5. Make sure to sell retail items out of the field if there is no shop in town. Worst case, you could have catalogs there and fill the orders by the following weekend. (no inventory required)


I do consider this good advise. Problem is step 1&2. People don't know his field as "Diamond Paintball," instead it was (and this is a real quote) "That dump on the way to Roundup." I also don't consider the field playable. A lot has to do with how he trashed the place when he left, but also the hazards that are almost impossible to get out of the place. For example, there is broken glass embedded in the ground where the airball field was (if you are now piecing together the reason why the bunkers leaked, you are about halfway there). I don't know how many injuries happened in the time that place was open due to those hazards, but it was an unacceptable amount. Sadly he really hurt the reputation of paintball, and eliminated a large area where I could put a field simply because he had a mess of a field and almost no safety procedures.

I'm about to call a guy that I talked to a couple years ago about renting his building, but after some discussion he said no. I will see if maybe a couple more years (on top of the original four) of his building being vacant might change his opinion.

#18 spqr-king

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Posted 22 March 2013 - 12:09 PM


There are a ton of fields literally out in the middle of nowhere people will travel to play paintball I dont think thats the problem... I mean hell OXCC is hosting MAO and its literally no where near anything...


You don't know the difference between middle of no where east coast and the middle of no where MN or Montana (where he is). The closest paintball field to me is 75 miles away. From what I can tell, it looks like OCXX is only 40-50 miles from Baltimore AND Philadelphia....with another town only 5 miles away. An hours drive for an extremely high quality paintball field isn't a huge ordeal. Heck, like I said, we have to drive 20 miles (some people 40 miles) one way to get to our outlaw field). Location is still huge.


Damn... and I thought a 45 minute drive was bad thats crazy and the town 5 miles away is where my dad lives its nothing really lol I have never been past west texas. Guess it all depends on who you are I grew up in Delaware everything is 20 minutes away because the state is so small lol so thats what im used to anything longer feels like an eternity...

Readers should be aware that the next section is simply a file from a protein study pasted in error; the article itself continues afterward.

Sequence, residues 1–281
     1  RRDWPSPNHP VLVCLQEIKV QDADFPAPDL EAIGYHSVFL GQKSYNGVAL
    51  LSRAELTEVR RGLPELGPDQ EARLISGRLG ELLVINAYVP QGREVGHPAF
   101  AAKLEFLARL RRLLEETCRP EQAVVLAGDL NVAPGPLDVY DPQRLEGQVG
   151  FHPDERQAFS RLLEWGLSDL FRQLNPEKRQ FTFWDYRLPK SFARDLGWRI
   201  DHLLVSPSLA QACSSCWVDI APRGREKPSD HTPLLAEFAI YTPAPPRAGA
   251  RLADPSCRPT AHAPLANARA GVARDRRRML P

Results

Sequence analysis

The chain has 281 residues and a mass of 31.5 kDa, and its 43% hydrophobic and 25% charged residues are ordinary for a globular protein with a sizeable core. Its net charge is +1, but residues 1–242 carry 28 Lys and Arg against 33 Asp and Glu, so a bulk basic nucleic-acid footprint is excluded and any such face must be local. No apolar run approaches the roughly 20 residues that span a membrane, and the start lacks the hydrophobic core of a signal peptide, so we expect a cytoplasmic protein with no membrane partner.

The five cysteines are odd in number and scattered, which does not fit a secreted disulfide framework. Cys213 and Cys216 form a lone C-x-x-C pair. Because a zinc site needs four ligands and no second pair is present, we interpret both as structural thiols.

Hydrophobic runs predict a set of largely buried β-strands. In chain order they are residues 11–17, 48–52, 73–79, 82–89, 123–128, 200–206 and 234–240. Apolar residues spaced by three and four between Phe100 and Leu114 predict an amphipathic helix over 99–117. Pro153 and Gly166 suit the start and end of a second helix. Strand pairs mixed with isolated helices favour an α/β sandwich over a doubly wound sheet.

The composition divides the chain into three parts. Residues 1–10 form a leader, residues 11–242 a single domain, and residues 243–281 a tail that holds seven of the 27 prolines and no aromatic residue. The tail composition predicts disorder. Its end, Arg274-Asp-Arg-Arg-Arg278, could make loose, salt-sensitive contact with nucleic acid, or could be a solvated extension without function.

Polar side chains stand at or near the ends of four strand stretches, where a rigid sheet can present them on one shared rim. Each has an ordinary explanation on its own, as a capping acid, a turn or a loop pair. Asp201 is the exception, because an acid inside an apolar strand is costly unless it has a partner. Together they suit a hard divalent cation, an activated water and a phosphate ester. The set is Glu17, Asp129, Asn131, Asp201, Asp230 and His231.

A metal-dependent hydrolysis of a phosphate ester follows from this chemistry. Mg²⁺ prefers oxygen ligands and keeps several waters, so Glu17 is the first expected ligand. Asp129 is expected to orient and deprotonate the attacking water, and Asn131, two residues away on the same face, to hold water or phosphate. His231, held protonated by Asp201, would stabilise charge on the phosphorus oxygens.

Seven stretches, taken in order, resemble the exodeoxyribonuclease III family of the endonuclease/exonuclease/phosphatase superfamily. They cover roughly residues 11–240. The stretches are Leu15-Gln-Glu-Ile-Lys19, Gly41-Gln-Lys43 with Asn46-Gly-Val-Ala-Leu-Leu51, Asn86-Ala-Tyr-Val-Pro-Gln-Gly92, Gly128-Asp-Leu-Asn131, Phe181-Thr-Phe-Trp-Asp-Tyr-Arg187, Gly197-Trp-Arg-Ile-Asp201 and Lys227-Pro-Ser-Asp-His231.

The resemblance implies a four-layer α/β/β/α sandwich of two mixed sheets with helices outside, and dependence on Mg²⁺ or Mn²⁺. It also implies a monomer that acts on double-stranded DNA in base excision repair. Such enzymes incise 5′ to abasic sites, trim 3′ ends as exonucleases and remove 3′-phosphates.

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#19 PBphilosopher

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Posted 22 March 2013 - 12:50 PM


1. Find out who owns the land the other field was on and get a short term lease on that.
2. Get the field in working condition asap.
3. You can be building your client base immediately.
4. After this is when you look for a great indoor location. In real estate, the desperate person always loses out. (Realtor for 2 decades) You have all spring summer and fall to find a place.
5. Make sure to sell retail items out of the field if there is no shop in town. Worst case, you could have catalogs there and fill the orders by the following weekend. (no inventory required)


I do consider this good advise. Problem is step 1&2. People don't know his field as "Diamond Paintball," instead it was (and this is a real quote) "That dump on the way to Roundup." I also don't consider the field playable. A lot has to do with how he trashed the place when he left, but also the hazards that are almost impossible to get out of the place. For example, there is broken glass embedded in the ground where the airball field was (if you are now piecing together the reason why the bunkers leaked, you are about halfway there). I don't know how many injuries happened in the time that place was open due to those hazards, but it was an unacceptable amount. Sadly he really hurt the reputation of paintball, and eliminated a large area where I could put a field simply because he had a mess of a field and almost no safety procedures.

I'm about to call a guy that I talked to a couple years ago about renting his building, but after some discussion he said no. I will see if maybe a couple more years (on top of the original four) of his building being vacant might change his opinion.


Have you tried loopnet.com? A lot of the commercial realtors out here use it to list properties for lease. You check on there and sometimes you can deal direct with the owner. Or negotiate half of the commission to be paid to yourself. Another thing, Realtors are often highly emotional and set in their ways I (as a Realtor) always try eliminate them from the equation as much as possible. Any stigmatized thing like paintball they may advise their clients to be wary.

You may present any potential owner with a summary of major objections like "Isn't this dangerous"
You could show this: http://www.astm.org/...AL/F1777-97.htm
and how you plan to comply with them, also some documentation on your insurance from a reputable insurer.
http://www.paint-bal...fety_report.htm

How to talk to the owner:

Tell the Realtor you are old fashioned and would like to present the offer in person. This may not be possible, but try. Tell them if you are going to be doing business with them you want to meet them. etc...

#20 Huff n Puff

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Posted 24 March 2013 - 02:53 AM



1. Find out who owns the land the other field was on and get a short term lease on that.
2. Get the field in working condition asap.
3. You can be building your client base immediately.
4. After this is when you look for a great indoor location. In real estate, the desperate person always loses out. (Realtor for 2 decades) You have all spring summer and fall to find a place.
5. Make sure to sell retail items out of the field if there is no shop in town. Worst case, you could have catalogs there and fill the orders by the following weekend. (no inventory required)